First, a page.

As with all double broadcasts of a single sport, the competition is tremendous. The BBC have pushed to get the very latest info, with Lee McKenzie leading many of the race retired driver interviews. They have the same number of cameramen and crew and still hold a presence in the paddock. Sky Sports F1 has what can only be described as a “swarm” of  cameramen and crews moving in perfect unison around the paddock and pitlane.

BBC Crew

Sky Sports F1 Crew

As with all TV content, the online world is not too far away. And the BBC and Skys F1 coverage is no exception. A consortium of YouTube users are striving to put the best of the features, interviews, intros and outros of the shjows on the internet for those not in the UK, or those who want to watch it all again. And they are doing a might fine job of it! As soon as its broadcast, the cogs begn to turn and videos stream on line in Standard Definition, and quite soon after in HD.

There has never been so much choice in how to watch F1 since it began and through the F1 Digital+ era. The reason? Competition. The battle between the BBC and Sky has lead to the creators and producers putting in even more effort into the programmes. This can only mean goo for the viewers.

So, whatever way you watch it, or whichever broadcaster you choose, enjoy it. Be happy in the knowledge that you are getting as much info as you can, and in the highest quality of presenting.

Thanks to for the logo image.

BBC F1 on Twitter:


Jake Humphrey

Eddie Jordan

David Coulthard

Ben Edwards

Lee McKenzie

Gary Anderson


James Allen

Jaime Alguersuari

Andrew Benson

  Sky Sports F1 HD on Twitter:


Simon Lazenby

Damon Hill

Martin Brundle

David Croft

Natalie Pinkham

Ted Kravitz

Anthony Davidson

Georgie Thompson

Johnny Herbert

Sky F1 Insider

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Strange things…..

May 31, 2012 Leave a comment


Not often you see a Formula 1 car on a business test…..

Categories: Formula 1, Life Tags: ,

KERS in Formula 1 2012

May 20, 2012 Leave a comment

The 2012 season is well underway, and KERS is again a large part of it. To read the basics about KERS and how it was used in 2011,click the link ->

Now, Gary Anderson. Gary is the Technical Analyst for the BBC in 2012. He has worked with many F1 Teams, like Brabham, Tyrrell, McLaren, Jordan, Stewart and Jaguar. Throughout that,  he spent time working with cars in Formula 3, SuperVee and Formula 3000.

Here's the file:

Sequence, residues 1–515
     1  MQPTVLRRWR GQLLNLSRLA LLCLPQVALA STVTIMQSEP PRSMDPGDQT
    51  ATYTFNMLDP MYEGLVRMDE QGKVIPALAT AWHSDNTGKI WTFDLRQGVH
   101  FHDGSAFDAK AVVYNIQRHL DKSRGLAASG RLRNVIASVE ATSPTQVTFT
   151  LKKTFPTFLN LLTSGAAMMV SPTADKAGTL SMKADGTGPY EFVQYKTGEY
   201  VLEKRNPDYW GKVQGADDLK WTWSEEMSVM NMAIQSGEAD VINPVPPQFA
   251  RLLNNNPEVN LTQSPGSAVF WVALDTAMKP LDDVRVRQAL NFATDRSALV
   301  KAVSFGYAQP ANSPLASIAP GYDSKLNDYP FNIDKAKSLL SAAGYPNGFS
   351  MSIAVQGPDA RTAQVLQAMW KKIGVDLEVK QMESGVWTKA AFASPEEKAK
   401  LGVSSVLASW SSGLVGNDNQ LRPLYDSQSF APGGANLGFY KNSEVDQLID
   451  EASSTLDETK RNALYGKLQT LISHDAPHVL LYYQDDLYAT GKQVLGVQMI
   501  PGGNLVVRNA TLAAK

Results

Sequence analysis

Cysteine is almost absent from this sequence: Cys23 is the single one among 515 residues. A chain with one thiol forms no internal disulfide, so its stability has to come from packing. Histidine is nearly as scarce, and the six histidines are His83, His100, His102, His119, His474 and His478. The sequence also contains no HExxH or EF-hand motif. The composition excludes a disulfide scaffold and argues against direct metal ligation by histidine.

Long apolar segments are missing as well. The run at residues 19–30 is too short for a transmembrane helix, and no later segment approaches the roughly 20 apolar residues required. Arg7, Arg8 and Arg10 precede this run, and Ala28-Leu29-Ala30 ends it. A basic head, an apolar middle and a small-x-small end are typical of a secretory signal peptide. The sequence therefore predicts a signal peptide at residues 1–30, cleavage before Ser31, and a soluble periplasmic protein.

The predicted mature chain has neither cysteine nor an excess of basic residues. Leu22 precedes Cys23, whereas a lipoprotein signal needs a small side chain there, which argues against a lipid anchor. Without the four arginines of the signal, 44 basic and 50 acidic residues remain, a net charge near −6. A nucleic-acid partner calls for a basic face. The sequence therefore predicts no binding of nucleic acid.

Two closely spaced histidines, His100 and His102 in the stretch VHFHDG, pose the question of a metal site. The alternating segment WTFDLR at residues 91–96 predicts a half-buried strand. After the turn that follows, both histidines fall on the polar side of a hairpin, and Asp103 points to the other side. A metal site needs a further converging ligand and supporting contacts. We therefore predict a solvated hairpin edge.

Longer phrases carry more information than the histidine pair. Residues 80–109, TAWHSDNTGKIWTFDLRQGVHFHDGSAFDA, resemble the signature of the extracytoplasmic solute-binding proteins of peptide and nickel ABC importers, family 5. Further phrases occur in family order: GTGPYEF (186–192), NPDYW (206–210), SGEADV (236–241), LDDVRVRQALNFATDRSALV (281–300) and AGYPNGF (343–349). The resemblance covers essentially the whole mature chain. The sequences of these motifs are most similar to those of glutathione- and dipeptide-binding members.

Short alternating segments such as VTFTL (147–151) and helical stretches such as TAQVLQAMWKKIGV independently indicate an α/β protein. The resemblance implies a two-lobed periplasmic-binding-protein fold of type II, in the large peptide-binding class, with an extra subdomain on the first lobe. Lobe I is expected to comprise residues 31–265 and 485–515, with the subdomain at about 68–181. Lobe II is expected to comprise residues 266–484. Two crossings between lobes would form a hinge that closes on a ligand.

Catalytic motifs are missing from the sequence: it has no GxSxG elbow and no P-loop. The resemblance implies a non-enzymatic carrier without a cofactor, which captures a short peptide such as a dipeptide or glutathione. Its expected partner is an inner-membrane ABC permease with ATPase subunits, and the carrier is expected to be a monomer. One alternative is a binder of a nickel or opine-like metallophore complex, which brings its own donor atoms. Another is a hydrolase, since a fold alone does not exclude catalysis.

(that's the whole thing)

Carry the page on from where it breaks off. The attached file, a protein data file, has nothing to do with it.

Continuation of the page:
This year, Gary Anderson explains the KERS system, and gets a helping hand from Mercedes GP.

If you want an even more technical analysis of KERS, click here->

For super-indepth analysis of all things technical in Formula 1, go to


@FiveeNilF1 on Youtube ->

@scarbsf1 on Twitter ->

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More Tyre Explanations

September 10, 2011 Leave a comment

These are some Videos I found online that really help explain tyres in F1 🙂 Enjoy!

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Tyres in Formula 1

September 10, 2011 2 comments

Tyres have been a pivotal part of Formula 1 races this year. This years races have all been about pit strategy,  when will the tyres “fall off the cliff” and what tyre to change to.

Ever since Slick tyres were re-introduced back in 2009, lap times have decreased dramatically.

After the longevity of the Bridgestone era tyres, Pirelli were given a simple brief; Soft, quick Short lived Tyre, and Hard Slow Long Living Tyre. And Boy did they deliver.

SO, what have they done. Above are the 6 compounds Pirelli presented this year. The wet weather tyres; Orange Marked Full-Wet and the Blue Marked Inter Mediate, and the Dry Weather Tyres; Silver marked hard compund, White marked Medium compound, Yellow marked Soft compound and the Fastest tyre, The Super Soft Red marked Tyre.